An Interdisciplinary Journal

2015, Vol.18, No.3, pp.288-302

Complex Aspects in Hamiltonian Dynamics and Statistics
Tassos Bountis and Helen Christodoulid

As we all know, and Marko Robnik has often emphasized in his work, many problems in theoretical physics are expressed in the form of Hamiltonian systems. Of these the first to be extensively studied were low-dimensional, possessing as few as two (or three) degrees of freedom. In the last 20 years, however, great attention has been devoted to Hamiltonian systems of high dimensionality. Among these perhaps the most famous are the ones that deal with the dynamics and statistics of a large number N of mass particles connected with nearest neighbor interactions. At low energies E, these typically execute quasiperiodic motions near some fundamental stable periodic orbits which represent nonlinear continuations of the N normal mode solutions of the corresponding linear system. However, as the energy is increased, these solutions destabilize causing the motion in their vicinity to drift into chaotic domains, thus giving rise to important questions concerning the system's behavior in the thermodynamic limit where E and N diverge with E/N = constant. In this review, we start by discussing some very effcient techniques for identifying regular from chaotic domains in multi-degree of freedom Hamiltonian systems. Then we proceed to describe some highly complex features of the dynamics connected with the presence of unexpected 'hierarchies' of order and chaos in such systems. In particular, we will describe how these phenomena are manifested (a) in the form of low-dimensional tori responsible for the lack of energy equipartiton among normal modes and (b) in the presence of long lived quasi-stationary states whose weakly chaotic properties are related to Tsallis type and not Boltzmann-Gibbs thermodynamics. Finally, we will mention some recent results on the effect of long range interactions on these important dynamical and statistical phenomena. This paper is based on the lecture delivered by the first author at the Symposium 'Quantum and Classical Chaos: What comes next?' dedicated to Marko Robnik's 60th birthday, Ljubljana, October 9 - 11 May, 2014.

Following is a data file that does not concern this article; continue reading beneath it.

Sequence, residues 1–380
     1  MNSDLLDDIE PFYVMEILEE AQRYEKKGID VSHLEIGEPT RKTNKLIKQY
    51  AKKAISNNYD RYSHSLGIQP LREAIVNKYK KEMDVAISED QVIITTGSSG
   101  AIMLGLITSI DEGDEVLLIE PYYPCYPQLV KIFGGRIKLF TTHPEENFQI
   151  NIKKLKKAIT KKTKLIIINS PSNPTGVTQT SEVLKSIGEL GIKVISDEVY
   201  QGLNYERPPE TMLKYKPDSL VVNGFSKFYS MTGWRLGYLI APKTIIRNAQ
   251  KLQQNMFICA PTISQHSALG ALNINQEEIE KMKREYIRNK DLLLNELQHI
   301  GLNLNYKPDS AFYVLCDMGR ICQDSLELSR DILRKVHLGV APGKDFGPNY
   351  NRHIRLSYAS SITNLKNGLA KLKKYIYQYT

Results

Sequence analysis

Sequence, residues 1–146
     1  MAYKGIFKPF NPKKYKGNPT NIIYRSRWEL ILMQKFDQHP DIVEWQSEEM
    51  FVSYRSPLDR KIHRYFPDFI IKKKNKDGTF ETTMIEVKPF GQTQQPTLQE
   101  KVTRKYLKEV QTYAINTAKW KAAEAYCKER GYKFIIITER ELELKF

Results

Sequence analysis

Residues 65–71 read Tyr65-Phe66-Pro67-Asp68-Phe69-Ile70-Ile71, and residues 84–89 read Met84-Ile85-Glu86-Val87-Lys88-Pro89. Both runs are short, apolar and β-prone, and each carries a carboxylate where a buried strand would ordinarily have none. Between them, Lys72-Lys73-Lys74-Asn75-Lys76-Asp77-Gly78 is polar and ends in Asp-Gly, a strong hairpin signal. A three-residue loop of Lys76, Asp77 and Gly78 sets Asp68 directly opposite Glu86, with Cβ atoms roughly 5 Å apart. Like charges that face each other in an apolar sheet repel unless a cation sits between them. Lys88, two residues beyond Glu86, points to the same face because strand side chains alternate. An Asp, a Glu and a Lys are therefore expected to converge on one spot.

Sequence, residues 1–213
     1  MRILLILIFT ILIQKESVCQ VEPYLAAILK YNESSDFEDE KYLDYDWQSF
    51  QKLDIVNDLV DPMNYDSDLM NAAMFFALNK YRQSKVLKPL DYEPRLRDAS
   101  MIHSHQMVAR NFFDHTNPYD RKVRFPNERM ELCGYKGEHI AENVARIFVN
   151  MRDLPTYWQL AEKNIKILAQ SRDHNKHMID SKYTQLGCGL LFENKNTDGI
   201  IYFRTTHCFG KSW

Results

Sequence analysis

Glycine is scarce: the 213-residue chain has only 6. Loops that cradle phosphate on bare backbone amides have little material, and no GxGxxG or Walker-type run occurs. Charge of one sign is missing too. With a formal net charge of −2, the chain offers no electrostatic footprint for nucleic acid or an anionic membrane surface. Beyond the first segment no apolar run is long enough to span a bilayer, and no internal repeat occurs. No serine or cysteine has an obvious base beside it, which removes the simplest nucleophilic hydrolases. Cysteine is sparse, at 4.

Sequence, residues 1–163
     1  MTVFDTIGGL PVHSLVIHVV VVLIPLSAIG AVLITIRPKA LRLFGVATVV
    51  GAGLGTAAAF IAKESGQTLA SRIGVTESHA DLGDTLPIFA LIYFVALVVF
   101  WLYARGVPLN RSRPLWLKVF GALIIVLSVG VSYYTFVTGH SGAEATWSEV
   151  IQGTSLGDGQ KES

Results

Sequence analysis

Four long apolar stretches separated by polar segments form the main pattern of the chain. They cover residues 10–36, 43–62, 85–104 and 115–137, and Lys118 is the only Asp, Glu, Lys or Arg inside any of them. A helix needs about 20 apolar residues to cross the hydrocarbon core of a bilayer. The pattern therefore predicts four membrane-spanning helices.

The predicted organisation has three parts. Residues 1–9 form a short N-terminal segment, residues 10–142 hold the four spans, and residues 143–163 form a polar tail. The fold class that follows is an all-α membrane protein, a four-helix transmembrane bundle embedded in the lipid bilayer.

Key words: classical statistical mechanics, nonlinear dynamics, chaos, entropy

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